Read More: Navigating barriers to senior leadership for people from minority ethnic groups in FTSE 100 and FTSE 250 companies
The aim of the report was to provide evidence on the challenges and opportunities that black and minority ethnic individuals may experience in progressing to the boards of FTSE 100 and FTSE 250 companies, executive committee roles (the pipeline to board positions), and the direct reports of members of the executive committee (also part of the pipeline). A second overarching aim was to identify good practice and assess its effectiveness in increasing the ethnic diversity of FTSE boards and ensuring a sustainable pipeline of talent from a range of ethnic backgrounds. The report followed interviews conducted with 54 individuals in senior positions in FTSE350 companies and a review of the annual reports of 25 FTSE100 and 38 FTSE250 companies. Challenges included being overlooked for promotion, overt and covert racism, and having to demonstrate higher standards, compared with colleagues from majority backgrounds, to progress or have the same development opportunities.
The recommendations made following the review of annual reports included:
- Reporting on targeted programmes should be linked to specific diversity objectives with expected outcomes and include data showing evidence of impact.
- Reporting on diversity and inclusion (D&I) governance should provide information on the structure, composition and specific function of D&I focused committees and taskforces and should explain how they will provide the data required to understand their effectiveness in diversifying senior leadership and the best design and approach to achieve this.
- Specific objectives and the rationale for the race action plan – and an evaluation of actions and initiatives already conducted as part of the plan – could be included in the annual report to assess effectiveness of such interventions. undertaking as part of the commitments outlined in the charter(s) they have signed up to.
- The quality of reporting would be enhanced by describing the process by which other initiatives can support the company to meet specific diversity objectives. For example, when reporting on training, reporting could be enhanced by including information on the design, content, or impact of the training in helping to diversify senior leadership.
The State of the Small and Mid-Cap Sector
The Quoted Companies Alliance (QCA) has published a research report into the State of the Small and Mid-Cap Sector.
Read More: Quoted Companies Alliance
The report, which is divided into four sections covers:
- a quantitative analysis of the state of the UK’s primary and secondary markets and a look at the social benefits of public equity. Findings included small and mid-cap companies represented 91% of companies quoted on the London Stock Exchange and employ more than 2.1 million workers The Main Market has decreased by 50% since 2001 and AIM has decreased by 49% since 2007, Nearly 80% of companies have a market capitalisation of below £1bn which is considered to be small-cap with over a quarter of companies having a market capitalisation of under £25m;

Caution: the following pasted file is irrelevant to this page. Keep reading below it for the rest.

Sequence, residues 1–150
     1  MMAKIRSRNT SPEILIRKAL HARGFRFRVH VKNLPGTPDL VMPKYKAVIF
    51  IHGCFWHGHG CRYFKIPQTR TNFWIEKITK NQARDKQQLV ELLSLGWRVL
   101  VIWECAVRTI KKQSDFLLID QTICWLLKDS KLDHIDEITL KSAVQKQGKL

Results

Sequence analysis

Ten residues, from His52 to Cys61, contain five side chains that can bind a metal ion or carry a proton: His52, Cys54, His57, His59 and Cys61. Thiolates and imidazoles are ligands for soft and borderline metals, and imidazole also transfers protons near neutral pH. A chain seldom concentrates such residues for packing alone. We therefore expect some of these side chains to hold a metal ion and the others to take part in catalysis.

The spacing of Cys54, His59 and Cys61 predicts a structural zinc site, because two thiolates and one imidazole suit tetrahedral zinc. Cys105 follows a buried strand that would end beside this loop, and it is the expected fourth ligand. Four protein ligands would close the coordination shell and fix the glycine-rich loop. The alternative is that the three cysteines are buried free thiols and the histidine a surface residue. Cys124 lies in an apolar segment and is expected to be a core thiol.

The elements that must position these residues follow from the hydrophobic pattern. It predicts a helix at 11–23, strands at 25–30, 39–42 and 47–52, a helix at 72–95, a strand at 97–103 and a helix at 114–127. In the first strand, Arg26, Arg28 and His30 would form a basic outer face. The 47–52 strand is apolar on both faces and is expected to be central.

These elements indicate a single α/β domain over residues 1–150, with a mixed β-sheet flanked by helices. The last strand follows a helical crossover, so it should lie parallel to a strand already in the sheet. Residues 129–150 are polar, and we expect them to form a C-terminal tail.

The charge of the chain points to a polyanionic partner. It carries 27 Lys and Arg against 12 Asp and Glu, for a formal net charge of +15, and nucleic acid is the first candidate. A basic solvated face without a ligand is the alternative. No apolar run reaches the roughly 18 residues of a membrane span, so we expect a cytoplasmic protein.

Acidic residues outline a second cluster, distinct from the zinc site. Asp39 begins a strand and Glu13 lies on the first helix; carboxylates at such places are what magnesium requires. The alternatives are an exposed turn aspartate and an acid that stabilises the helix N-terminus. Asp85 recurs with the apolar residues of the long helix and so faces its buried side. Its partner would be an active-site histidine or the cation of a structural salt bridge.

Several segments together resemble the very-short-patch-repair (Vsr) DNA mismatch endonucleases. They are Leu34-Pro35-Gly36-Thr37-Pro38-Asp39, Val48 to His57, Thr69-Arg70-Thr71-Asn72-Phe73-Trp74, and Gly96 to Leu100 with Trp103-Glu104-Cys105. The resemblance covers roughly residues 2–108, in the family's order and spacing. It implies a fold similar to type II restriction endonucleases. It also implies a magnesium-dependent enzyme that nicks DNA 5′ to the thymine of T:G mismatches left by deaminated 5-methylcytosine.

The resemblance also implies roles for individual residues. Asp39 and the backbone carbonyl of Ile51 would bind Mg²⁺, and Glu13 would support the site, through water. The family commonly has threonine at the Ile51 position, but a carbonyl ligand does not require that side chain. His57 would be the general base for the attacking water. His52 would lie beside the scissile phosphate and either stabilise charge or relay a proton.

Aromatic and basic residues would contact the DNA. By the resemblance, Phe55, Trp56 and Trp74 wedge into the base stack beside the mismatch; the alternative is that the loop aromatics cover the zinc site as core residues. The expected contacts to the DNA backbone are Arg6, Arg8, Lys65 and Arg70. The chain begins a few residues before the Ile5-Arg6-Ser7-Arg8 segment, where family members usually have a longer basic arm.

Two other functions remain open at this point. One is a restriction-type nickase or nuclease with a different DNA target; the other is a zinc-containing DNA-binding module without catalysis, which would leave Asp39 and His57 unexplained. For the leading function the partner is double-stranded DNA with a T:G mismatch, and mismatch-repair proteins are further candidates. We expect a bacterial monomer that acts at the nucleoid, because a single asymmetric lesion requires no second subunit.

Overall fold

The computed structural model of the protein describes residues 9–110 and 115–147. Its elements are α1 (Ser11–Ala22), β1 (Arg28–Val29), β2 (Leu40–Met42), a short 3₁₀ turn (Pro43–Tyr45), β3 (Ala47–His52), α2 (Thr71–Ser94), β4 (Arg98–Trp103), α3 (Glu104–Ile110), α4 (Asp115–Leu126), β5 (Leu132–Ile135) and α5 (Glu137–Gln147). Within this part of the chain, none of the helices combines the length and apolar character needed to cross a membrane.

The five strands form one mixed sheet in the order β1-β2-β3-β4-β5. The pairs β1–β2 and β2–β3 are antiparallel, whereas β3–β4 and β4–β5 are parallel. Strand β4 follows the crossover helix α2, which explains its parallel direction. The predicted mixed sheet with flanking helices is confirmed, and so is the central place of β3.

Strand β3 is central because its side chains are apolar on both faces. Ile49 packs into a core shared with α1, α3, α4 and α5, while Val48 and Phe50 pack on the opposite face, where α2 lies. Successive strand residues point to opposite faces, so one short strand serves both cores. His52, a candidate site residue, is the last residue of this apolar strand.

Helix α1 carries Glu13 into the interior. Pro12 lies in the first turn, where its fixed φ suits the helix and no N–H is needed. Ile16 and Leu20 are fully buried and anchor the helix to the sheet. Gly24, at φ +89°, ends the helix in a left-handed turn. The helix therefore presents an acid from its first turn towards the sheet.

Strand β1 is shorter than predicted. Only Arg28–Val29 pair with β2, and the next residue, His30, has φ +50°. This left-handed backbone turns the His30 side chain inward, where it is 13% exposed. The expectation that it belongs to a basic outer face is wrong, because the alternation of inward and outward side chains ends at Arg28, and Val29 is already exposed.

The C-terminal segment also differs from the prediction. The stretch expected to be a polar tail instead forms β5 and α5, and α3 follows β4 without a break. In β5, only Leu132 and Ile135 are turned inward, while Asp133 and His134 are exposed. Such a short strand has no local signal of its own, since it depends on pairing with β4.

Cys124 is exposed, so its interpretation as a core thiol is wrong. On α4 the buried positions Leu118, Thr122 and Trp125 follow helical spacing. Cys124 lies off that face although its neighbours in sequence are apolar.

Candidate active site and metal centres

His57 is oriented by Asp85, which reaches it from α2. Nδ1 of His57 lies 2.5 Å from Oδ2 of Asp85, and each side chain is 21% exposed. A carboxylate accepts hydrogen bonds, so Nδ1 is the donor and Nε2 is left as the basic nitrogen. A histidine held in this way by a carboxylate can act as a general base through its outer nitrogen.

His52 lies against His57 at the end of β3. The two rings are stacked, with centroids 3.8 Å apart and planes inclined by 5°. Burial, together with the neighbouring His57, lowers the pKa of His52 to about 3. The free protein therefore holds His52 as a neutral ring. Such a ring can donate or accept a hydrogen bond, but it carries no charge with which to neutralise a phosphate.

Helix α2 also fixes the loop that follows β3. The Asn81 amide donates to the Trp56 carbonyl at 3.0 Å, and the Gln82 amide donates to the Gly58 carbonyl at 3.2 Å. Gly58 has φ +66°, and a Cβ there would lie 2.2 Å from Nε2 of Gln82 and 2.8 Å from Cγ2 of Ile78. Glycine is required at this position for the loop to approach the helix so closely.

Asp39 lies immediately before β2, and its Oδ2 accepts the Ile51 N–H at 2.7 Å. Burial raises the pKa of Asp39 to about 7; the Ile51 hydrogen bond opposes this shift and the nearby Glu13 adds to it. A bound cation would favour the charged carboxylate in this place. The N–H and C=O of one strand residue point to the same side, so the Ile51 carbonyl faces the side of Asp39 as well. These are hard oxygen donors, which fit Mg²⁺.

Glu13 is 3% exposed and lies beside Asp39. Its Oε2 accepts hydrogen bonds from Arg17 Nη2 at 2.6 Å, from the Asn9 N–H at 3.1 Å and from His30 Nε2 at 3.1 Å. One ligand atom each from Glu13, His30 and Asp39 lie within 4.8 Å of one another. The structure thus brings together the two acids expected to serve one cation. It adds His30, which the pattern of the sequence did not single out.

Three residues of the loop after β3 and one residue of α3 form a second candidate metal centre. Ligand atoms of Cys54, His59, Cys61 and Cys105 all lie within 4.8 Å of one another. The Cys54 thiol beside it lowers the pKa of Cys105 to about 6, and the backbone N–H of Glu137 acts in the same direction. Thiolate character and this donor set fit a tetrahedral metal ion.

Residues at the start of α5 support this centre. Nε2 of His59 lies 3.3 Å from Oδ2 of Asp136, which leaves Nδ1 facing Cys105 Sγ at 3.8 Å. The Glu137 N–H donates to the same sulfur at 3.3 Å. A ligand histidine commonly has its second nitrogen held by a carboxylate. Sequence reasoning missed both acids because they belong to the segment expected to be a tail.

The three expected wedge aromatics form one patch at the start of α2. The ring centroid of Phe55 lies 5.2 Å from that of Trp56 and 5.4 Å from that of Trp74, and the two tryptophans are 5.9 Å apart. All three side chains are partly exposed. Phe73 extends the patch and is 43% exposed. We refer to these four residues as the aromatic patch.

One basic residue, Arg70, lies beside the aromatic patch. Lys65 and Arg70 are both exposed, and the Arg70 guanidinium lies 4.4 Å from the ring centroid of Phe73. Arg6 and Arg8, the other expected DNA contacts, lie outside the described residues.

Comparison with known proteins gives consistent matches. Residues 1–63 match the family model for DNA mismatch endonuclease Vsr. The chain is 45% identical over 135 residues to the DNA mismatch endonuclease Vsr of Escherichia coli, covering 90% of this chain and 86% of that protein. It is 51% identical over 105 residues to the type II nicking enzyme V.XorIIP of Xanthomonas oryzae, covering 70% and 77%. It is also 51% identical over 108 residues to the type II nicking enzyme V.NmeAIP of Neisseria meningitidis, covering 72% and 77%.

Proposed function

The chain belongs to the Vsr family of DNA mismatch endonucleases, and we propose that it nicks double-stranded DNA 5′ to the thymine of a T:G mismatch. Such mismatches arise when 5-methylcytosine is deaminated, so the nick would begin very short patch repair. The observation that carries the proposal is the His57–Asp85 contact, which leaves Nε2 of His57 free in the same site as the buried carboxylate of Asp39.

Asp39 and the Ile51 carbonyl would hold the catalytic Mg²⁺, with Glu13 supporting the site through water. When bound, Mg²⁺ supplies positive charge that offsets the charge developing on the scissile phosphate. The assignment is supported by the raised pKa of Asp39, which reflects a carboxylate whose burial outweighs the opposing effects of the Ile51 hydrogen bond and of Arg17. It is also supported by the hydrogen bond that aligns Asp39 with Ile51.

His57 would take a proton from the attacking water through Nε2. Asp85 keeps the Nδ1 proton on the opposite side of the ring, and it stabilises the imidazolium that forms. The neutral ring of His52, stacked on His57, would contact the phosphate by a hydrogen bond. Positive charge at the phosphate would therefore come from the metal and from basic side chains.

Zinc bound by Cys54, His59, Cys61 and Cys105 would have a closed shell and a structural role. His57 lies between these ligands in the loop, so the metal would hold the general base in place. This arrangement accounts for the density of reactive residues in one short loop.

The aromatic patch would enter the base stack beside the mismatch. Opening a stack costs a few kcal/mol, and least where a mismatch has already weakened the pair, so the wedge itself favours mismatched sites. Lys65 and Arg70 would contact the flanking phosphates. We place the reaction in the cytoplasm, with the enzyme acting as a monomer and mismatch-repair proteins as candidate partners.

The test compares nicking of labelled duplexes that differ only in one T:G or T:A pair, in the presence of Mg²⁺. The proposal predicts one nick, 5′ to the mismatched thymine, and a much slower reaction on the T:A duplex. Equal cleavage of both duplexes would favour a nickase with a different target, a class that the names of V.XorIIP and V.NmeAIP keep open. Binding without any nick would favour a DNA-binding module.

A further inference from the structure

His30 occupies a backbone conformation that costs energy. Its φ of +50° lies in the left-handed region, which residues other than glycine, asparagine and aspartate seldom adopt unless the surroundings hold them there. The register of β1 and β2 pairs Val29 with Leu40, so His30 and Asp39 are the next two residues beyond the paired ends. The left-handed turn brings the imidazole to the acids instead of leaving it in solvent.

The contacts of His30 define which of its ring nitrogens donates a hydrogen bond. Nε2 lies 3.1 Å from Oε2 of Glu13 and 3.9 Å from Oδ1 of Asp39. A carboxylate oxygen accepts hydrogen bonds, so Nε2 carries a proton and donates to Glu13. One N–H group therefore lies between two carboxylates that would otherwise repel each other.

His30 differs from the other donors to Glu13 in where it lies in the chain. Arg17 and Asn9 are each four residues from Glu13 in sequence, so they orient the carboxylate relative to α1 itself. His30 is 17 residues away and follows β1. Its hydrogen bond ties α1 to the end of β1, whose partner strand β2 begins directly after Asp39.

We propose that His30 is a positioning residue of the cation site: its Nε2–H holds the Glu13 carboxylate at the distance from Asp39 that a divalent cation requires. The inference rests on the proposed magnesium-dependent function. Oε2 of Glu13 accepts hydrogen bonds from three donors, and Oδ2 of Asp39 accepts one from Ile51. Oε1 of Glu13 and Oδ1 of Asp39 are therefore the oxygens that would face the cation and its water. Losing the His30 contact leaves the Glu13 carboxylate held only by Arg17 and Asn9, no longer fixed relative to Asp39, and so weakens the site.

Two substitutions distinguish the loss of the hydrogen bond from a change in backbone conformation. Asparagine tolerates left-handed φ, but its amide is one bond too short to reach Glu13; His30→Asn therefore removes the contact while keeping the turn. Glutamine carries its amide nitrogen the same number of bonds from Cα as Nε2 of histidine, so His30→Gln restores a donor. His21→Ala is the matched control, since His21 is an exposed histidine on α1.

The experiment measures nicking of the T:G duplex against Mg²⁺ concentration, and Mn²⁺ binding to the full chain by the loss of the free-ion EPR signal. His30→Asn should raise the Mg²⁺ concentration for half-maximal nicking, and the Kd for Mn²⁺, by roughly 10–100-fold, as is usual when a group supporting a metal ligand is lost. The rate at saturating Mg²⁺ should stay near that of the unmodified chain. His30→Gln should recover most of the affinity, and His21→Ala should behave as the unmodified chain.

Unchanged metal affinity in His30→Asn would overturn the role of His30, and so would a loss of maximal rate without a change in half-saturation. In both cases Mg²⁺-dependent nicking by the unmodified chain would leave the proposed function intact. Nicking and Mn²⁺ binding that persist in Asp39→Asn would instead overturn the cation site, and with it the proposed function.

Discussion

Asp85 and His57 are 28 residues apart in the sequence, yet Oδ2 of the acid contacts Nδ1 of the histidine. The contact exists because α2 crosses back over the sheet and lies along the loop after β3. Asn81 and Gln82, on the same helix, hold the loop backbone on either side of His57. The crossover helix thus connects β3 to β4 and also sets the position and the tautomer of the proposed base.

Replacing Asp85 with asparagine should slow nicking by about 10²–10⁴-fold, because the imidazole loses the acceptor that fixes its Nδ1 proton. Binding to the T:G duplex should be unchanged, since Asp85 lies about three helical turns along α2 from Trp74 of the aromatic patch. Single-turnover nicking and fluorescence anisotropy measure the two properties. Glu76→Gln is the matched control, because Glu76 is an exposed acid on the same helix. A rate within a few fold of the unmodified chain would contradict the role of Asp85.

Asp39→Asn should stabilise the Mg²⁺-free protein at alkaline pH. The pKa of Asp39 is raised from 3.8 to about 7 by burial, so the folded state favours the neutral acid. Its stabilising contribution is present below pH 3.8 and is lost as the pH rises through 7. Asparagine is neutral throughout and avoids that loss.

- a qualitative examination of the key issues relevant to companies, investors and other stakeholders. This section found among other matters that only 3 in 10 companies think that the market has improved in attractiveness in the last year, whereas 5 in 10 investors think it has improved. Companies and investors typically believe that the quality of corporate governance has not improved in the last 12 months. Investors have a more positive attitude than companies towards the impact that ESG funds will have on the attractiveness of the markets;
- a broad summary of the key regulatory changes and developments within the sector and our commentary on those changes and developments. Findings here included the UK Prospectus Regime Review, Wholesale Markets Review, UK Secondary Capital Raising Review, Future Regulatory Framework Review, Primary Markets Effectiveness Review have significant potential to create positive change to markets. However, a note of caution is sounded in that given the number of reviews being performed by many different bodies, the decision-making process needs to be nimble enough to implement proper change and positive reform. There is a danger that the layering of responsibility adds to the complexity and time being taken to achieve true change.; and
- suggestions for the further improvement and enhancement of public markets to attract small and mid-cap companies which include in relation to the supply-side establishing a new UK Listed Growth Market and prospectus reform. Demand-side suggestions include reforming pension fund investment and enhancing liquidity. There are also suggestions that an independent, overarching figure to be appointed to have responsibility for the overall vision and direction of travel of regulatory reform and that the civil service and regulators to be required to appoint, on secondment or otherwise, market participants and industry figures to help guide their work.